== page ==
I don't know if this will help. When I'm looking for answers to that type of question and finding tons of conflicting recommendations, I generally google and find what both sides of the coin say. So in this case, I might check what the Fed states as a guideline and compare it to a well respected bodybuilding site recommendation. Somewhere between those two lies the truth. You could use it as a range.
As a note, though pork seems to be kind of put down (except bacon) in these parts, pork loin has a lot of protein and is often on sale because it's a cut that needs to be cooked low and slow.
[QUOTE=Zach;1077990]Your body will use the protein for glucose if you are not consuming carbs. If you want to spare lean mass on a low carb diet, your protein requirements will have to go up.
Am i wrong, Neckhammer?[/QUOTE]
The way I understand it is the body will use Fat when you are not consuming carbs through the process of Gluconeogenesis. This is actually the preferred source of glucose for your brain. You don't want the body to break down protein for its glucose source because this could lead to a catabolic/muscle wasting state. And if you are trying to build lean muscle breaking down protein would not be ideal. That is how I understand it.
[QUOTE=Balance;1078036]The way I understand it is the body will use Fat when you are not consuming carbs through the process of Gluconeogenesis. This is actually the preferred source of glucose for your brain. You don't want the body to break down protein for its glucose source because this could lead to a catabolic/muscle wasting state. And if you are trying to build lean muscle breaking down protein would not be ideal. That is how I understand it.[/QUOTE]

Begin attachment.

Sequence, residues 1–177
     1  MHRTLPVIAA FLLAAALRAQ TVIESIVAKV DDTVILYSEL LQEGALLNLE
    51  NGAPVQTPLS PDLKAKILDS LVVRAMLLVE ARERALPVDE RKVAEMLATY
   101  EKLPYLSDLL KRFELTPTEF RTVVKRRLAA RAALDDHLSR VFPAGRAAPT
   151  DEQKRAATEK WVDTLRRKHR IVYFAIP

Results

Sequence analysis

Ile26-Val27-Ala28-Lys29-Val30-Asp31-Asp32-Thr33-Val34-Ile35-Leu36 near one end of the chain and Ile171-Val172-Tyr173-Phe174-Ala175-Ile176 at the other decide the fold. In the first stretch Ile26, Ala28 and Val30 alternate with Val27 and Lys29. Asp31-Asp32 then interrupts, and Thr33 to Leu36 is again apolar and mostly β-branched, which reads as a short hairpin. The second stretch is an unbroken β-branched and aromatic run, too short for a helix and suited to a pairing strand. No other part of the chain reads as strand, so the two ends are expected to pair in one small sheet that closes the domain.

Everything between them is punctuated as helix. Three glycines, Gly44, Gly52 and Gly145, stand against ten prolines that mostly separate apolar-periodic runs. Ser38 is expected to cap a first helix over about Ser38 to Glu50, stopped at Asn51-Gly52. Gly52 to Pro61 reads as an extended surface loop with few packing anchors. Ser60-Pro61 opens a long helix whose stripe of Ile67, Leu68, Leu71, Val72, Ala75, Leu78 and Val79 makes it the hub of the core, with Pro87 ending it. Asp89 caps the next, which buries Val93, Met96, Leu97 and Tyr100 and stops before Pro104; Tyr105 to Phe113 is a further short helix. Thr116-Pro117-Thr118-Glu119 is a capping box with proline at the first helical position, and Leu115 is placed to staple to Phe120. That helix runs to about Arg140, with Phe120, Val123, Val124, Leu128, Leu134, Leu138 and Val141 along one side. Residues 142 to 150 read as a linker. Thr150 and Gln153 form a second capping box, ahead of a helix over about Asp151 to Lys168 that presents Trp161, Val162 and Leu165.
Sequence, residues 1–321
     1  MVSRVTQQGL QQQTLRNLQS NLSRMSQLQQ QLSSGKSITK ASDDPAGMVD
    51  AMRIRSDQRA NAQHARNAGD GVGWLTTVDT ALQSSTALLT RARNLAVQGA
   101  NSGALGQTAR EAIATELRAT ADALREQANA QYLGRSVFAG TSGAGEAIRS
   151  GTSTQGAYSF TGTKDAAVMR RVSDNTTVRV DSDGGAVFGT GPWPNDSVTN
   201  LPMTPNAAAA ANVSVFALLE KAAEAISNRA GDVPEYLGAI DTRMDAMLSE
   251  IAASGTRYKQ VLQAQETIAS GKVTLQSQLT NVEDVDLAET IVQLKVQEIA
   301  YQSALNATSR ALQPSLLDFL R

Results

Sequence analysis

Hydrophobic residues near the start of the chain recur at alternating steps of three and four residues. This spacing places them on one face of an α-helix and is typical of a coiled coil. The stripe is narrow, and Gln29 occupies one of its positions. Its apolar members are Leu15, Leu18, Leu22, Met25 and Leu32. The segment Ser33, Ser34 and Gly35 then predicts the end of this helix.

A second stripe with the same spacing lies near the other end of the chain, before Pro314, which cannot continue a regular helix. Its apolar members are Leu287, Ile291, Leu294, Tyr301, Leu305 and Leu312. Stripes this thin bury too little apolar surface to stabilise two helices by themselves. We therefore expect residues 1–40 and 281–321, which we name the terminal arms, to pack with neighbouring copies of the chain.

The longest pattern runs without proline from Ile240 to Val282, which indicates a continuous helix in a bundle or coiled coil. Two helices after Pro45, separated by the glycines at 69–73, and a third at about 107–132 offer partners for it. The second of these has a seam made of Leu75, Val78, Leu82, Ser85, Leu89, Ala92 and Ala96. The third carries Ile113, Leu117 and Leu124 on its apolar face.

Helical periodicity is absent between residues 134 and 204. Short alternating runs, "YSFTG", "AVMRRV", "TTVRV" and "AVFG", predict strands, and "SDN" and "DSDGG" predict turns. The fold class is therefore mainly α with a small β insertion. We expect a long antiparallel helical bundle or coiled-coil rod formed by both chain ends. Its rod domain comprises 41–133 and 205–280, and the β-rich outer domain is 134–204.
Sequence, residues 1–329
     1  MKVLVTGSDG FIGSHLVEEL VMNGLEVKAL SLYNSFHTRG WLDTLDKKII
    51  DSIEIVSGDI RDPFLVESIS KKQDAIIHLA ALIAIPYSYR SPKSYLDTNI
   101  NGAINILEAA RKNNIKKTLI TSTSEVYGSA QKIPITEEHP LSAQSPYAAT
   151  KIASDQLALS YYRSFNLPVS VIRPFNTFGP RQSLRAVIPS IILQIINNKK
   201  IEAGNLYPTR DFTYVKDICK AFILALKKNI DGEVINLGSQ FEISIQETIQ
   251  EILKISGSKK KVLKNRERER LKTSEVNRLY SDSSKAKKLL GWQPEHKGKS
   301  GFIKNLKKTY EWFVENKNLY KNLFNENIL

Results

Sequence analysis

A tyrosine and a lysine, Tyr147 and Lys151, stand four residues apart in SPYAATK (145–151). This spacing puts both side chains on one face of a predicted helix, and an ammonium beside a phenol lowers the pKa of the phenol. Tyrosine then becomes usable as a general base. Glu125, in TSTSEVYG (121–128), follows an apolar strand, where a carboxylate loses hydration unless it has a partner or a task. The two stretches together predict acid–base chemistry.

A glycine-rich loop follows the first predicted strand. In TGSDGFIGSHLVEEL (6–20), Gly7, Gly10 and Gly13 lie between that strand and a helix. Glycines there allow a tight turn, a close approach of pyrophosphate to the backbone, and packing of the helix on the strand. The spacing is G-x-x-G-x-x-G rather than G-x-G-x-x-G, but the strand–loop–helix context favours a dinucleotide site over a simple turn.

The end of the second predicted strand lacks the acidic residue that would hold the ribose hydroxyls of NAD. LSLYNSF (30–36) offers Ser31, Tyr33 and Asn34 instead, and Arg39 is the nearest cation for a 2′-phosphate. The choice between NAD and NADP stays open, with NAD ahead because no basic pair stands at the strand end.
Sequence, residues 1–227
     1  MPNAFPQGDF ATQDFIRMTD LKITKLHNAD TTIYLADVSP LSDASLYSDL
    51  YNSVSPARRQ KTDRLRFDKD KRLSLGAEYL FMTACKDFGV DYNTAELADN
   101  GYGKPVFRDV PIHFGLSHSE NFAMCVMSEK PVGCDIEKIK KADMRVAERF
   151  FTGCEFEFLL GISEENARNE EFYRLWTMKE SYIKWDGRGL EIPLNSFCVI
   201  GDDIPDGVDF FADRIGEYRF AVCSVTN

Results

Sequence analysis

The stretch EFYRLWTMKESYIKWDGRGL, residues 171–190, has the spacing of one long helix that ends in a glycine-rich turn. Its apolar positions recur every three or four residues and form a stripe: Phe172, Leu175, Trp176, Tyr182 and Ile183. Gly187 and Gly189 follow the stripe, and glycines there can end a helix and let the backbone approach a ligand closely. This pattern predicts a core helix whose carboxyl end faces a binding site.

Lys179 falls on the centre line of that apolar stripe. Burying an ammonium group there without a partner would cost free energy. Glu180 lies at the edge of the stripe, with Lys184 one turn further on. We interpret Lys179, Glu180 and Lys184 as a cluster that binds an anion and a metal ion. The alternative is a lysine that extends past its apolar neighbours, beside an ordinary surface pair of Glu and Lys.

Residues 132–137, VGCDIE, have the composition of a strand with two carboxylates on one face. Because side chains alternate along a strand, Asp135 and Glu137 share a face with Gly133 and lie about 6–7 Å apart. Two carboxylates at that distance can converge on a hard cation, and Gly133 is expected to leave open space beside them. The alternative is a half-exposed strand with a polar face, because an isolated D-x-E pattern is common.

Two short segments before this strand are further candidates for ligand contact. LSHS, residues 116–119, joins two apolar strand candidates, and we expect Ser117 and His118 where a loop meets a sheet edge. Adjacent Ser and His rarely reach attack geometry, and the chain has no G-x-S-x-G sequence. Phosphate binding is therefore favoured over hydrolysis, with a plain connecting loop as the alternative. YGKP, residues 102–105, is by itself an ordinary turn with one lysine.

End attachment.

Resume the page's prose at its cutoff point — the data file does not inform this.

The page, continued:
No, that's wrong. Gluconeogenesis is the process in which your body raises blood sugar and converts several tissues into glucose when dietary glucose is insufficient. It's also accomplishing this by breaking down your bodies protein, hence why you cannot be in ketosis with a high intake of dietary protein. So, in essence, doing exactly what you said in the second part.
Depends on the size and activity level of the person. Too many people consume the wrong types of protein, ie; muscle meats, poultry, bacon, and other inflammatory tryptophan heavy protein sources. Protein is thermogenic, and just as important as carbs for thyroid health, but too many people are consuming too much of the wrong types of protein.
Milk, cheese, gelatin, these are sources of protein which are anti-stress and beneficial.
Personally, I get too low protein, but it's just because I have a natural affinity to fruit and sweets and cannot get the proper protein without uncomfortably consuming too many calories day after day. Thinking of starting a cycle, weekly, or every other day in which I get Peat recommended protein of 80-140g per day. Thinking for my height, I might need 140.
So are you saying that Gluconeogenesis is not the process in which the body will break down fat or protein to create glucose for the body and brain? After breaking down the fat in the liver you are left with ketones. That is the way I have always read about it in my physiology books as well as the Paleo Solution and Primal Blueprint? Robb Wolf has said many times on his podcast that the body prefers fat for gluconeogenesis.